Can sitting kill you?

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All that sitting down might be killing you. Slowly.

Those countless hours you spent in Main Stacks? That 9 a.m. to 5 p.m. job you’re holding over summer? As it turns out, both are extremely bad for your health. But it’s not the lack of sunlight, the slow depletion of endorphins or the dreary routine of corporate culture that threatens your life — it’s the sitting. That’s right; the passive position of scholars and desk workers everywhere is bad for you. Just how bad? Well, some of the negative effects include, in a roughly ascending order of severity: weight gain, obesity, diabetes, cardiovascular disease and endometrial cancer. Yeah, we thought that was a pretty dismal list, too.

What’s worse, the negative effects start almost immediately upon sitting— and the consequences only increase in severity as you prolong your sitting. When you first sit down, the rate at which you burn calories decreases to about a third of what it is when walking. If you sit for over six hours a day, your body starts to increase production of fatty molecules and bad cholesterol; after two weeks of that, muscles start to atrophy. Weight gain and high cholesterol will eventually plague your health, and if you continue this for 10 years, your chance of dying from heart disease increases by 64 percent.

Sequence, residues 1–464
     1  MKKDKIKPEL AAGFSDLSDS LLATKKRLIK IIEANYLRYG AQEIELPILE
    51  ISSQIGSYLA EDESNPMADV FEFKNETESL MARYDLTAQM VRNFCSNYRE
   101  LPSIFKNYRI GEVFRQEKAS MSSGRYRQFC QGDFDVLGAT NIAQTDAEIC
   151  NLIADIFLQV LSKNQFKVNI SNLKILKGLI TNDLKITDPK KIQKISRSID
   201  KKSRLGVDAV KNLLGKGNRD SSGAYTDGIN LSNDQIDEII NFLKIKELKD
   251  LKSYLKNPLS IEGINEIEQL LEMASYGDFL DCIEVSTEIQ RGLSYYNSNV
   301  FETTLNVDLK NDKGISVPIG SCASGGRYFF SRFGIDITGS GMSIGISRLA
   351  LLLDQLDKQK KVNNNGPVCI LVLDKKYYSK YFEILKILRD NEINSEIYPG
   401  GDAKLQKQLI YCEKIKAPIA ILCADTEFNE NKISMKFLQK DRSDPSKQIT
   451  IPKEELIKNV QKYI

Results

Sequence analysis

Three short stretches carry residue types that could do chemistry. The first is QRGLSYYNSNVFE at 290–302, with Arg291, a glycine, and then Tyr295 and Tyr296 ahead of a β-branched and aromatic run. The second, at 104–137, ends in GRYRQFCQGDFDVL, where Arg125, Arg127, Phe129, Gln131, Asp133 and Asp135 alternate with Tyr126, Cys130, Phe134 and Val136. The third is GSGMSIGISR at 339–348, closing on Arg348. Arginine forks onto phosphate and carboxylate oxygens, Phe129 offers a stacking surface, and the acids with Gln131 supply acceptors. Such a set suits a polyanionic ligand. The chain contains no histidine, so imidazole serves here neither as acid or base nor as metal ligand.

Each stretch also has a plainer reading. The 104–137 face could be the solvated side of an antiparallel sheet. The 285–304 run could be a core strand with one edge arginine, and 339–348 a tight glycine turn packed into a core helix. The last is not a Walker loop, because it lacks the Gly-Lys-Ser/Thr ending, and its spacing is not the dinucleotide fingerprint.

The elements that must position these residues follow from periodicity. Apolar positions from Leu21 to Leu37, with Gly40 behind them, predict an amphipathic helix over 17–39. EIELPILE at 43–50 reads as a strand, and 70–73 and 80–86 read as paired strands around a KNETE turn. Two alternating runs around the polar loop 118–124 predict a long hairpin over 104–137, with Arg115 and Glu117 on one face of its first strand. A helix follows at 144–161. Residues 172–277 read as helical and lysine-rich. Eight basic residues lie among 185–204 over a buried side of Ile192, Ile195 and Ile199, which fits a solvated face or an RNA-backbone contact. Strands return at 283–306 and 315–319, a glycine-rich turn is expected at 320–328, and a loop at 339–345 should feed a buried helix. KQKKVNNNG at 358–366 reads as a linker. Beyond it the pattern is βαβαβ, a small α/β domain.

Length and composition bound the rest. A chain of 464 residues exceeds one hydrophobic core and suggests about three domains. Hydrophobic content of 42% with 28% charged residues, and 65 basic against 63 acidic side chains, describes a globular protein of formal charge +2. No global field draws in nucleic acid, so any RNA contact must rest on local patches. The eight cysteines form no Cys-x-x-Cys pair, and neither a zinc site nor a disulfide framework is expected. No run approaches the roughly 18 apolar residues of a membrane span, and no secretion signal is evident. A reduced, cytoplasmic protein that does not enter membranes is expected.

Thankfully, modern life and scholarship doesn’t have to be unhealthy.  If you stand once during an hour of sitting and get a half hour of activity a day, you’ll combat its negative effects. In addition, you don’t have to sit while you study or work — height-adjustable, stand-up desks are becoming increasingly available, and makeshift stand-up desks are always easy to make. Some of UC Berkeley’s libraries have also confirmed the existence of stand-up desks, which they’ve mentioned are usually unoccupied. And in case the positive health effects and availability of stand-up desks don’t convince you to change your sedentary habit, rest assured that great writers have stood up to sitting down. According to PR Daily, Ernest Hemingway and Vladimir Nabokov (among other great authors) were both known for their stand-up writing, and while we don’t promise that you’ll be the next Nabokov, standing up may lead to great heights (in more ways than one).

Image source: askpang under Creative Commons

Contact Griffin Mori-Tornheim at [email protected]